After experimenting with fiberglass plates made from 6oz fiberglass and both polyester and epoxy resin, I determined that 50-60 layers was adequate to stop most handgun rounds. Using fiberglass welding blankets from harbor freight only requires 1/3rd the number of layers as 6oz fiberglass.

    I did multiple experiments with fiberglass cloth as a ballistic fiber in a flexible panel. Unlaminated fiberglass cloth is only marginally effective because the stands of fiberglass just move out of the way on an oncoming bullet. Laminating the individual layers in duct tape improved performance but added to much weight to the finished product. Rubber cement was tried and proved only marginally better than unlaminated cloth. The best results were found by using either brush on mold making latex.


    For best results, a large flat area, such as a table top, recently paved driveway, or large sheet of plywood, with a fresh sheet of plastic laid down on top of it and taped in place to prevent wrinkles or air pockets from forming.

    This is a fiberglass blanket i layed out to work with.

    1. Spread a sheet of plastic over a flat surface and tape it down.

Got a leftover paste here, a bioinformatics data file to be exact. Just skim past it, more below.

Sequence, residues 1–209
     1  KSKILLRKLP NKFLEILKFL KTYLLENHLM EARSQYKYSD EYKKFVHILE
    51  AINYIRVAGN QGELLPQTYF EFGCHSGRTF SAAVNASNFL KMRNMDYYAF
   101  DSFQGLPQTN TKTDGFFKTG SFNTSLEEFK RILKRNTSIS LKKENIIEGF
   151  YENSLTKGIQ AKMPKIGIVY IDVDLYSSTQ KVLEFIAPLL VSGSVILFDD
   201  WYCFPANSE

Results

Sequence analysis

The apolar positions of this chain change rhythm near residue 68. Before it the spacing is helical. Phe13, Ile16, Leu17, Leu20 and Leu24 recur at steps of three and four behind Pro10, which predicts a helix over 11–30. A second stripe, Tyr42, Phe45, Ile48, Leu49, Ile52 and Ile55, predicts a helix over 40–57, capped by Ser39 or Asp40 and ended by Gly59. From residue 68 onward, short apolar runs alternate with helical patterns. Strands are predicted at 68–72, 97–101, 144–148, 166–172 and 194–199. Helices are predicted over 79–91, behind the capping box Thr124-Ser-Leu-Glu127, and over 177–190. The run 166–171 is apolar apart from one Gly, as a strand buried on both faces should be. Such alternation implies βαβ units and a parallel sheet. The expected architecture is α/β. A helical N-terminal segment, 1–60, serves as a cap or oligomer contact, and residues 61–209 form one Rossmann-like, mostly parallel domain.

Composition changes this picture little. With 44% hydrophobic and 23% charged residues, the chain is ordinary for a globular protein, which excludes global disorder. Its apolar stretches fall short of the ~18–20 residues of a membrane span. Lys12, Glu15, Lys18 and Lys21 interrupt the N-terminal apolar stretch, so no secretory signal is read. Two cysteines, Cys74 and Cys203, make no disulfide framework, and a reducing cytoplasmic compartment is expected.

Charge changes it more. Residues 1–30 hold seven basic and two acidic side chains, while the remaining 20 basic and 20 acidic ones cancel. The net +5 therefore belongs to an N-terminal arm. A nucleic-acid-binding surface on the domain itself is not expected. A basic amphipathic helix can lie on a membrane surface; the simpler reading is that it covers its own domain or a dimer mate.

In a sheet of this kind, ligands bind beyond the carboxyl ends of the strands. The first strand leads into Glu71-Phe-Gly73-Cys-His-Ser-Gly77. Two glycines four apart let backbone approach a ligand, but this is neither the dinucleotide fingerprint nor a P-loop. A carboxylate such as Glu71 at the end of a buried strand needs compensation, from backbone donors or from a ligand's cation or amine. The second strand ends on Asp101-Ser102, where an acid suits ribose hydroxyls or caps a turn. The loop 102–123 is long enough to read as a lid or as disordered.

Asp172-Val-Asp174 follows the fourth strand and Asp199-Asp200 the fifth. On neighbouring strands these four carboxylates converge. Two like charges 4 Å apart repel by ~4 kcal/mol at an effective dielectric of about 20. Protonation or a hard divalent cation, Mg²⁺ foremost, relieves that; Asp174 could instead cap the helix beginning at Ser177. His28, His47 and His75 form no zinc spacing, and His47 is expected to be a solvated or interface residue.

This is what the ends look like after I have dehemmed them.
    2. If you are using the fiberglass welding blanket, carefully remove the grommets and hemming before proceeding.
    This is how you spread  the latex over the fiberglass, with a squeegee.
    3. If you are using 6oz fiberglass you only need to laminate one side, if you are using the thicker fiberglass blanket, both sides must be laminated.
    Once the latex is dry you cut the fabric with a roller or scisors.

    4. Once the latex is dry, you can cut it to shape and begin stacking the layers of fiberglass to make ballistic panels.

    This is 60 layers of fiberglass stacked to make a pannel.
    5. Rectangular panels are the easiest to cut to shape, they also leave the least amount of scrap material.
    This is the template I use to make a front pannel with added side protection.